Arguably the biggest surprise in President Cyril Ramaphosa’s cabinet reshuffle announcement late on Thursday night was Finance Minister Tito Mboweni being “excused” from the position and replaced by Enoch Godongwana, the head of economic transformation in the ANC National Executive Committee (NEC).
Mboweni was parachuted into the finance ministry top job back in October 2018 following the untimely resignation of Nhlanhla Nene.
While he agreed to take the job, it was understood to be temporary move, with Ramaphosa wanting Mboweni in to restore confidence ahead of the 2019 national elections.
Since then, Mboweni has seemed to be in his element in the position, despite his gung-ho moves around much-needed structural reforms for the SA economy sometimes getting him into trouble with the ANC’s alliance partners. He has also had clashes with Public Enterprises Minister Pravin Gordhan around the bailouts of SAA.
While talk about a planned cabinet reshuffle has been swirling for weeks, following the effective suspension of embattled Health Minister Zweli Mkhize and the death of former Minister in the Presidency Jackson Mthembu, there was very little expectation that Mboweni would also exit at such a tumultuous time for Ramaphosa and the country.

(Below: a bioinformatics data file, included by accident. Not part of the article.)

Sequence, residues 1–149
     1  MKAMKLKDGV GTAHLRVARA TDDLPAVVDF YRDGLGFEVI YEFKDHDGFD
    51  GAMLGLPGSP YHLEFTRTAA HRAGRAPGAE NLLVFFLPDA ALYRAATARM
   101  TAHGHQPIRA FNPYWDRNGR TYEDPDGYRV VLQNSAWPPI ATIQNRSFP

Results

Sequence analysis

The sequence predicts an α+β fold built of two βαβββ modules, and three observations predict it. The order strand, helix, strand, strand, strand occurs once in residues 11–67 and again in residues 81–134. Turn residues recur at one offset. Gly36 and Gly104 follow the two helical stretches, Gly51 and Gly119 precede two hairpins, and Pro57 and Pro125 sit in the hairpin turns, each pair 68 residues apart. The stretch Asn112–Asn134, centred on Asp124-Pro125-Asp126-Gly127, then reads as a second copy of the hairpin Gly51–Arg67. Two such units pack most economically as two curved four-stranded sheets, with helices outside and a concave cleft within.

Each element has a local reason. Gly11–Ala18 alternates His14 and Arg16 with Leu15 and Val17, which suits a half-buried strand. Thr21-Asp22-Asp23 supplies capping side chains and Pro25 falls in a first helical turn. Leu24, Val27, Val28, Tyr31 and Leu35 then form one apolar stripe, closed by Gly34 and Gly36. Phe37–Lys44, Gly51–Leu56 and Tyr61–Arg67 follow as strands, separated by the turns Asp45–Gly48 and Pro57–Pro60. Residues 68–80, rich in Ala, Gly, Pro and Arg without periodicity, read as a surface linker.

Just last week Mboweni and National Treasury director-general Dondo Mogajane revealed details of a new R36.2 billion social relief and business support package, which came in the wake of the recent unrest and destruction to property in KwaZulu-Natal and parts of Gauteng.
Mboweni was expected to table the new package in parliament soon, but it was unclear whether this would have been in the form of another “emergency budget” or left for the mid-term budget in October.
During Thursday night’s address, Ramaphosa said he “had accepted a long-standing request” by Mboweni “to be excused from his position as Minister of Finance”.
“Minister Mboweni took up this position following the sudden departure of former Minister Nhlanhla Nene in October 2018. Since then, he has effectively and ably steered National Treasury through extremely difficult economic times, providing stability and instilling confidence,” the president noted.
“I am grateful to Minister Mboweni for responding to the call to serve our nation at its time of need,” added Ramaphosa.
Now, Godongwana, who is no pushover himself, will be leading the finance ministry during what is still uncertain times. Besides the recent riots linked to the arrest of former president Jacob Zuma, the ongoing Covid-19 pandemic remains a risk.
While Godongwana has the benefit of an expected bonanza in tax revenues (largely on the back of booming commodity prices) to fund the new economic relief package, he also has the unenviable task of effectively taking on unions to keep the public sector wage bill in check.
Meanwhile, Gordhan – a staunch Ramaphosa ally – unsurprisingly remains in his position at the all-important Public Enterprises Ministry. As does Ebrahim Patel at the Department of Trade, Industry and Competition.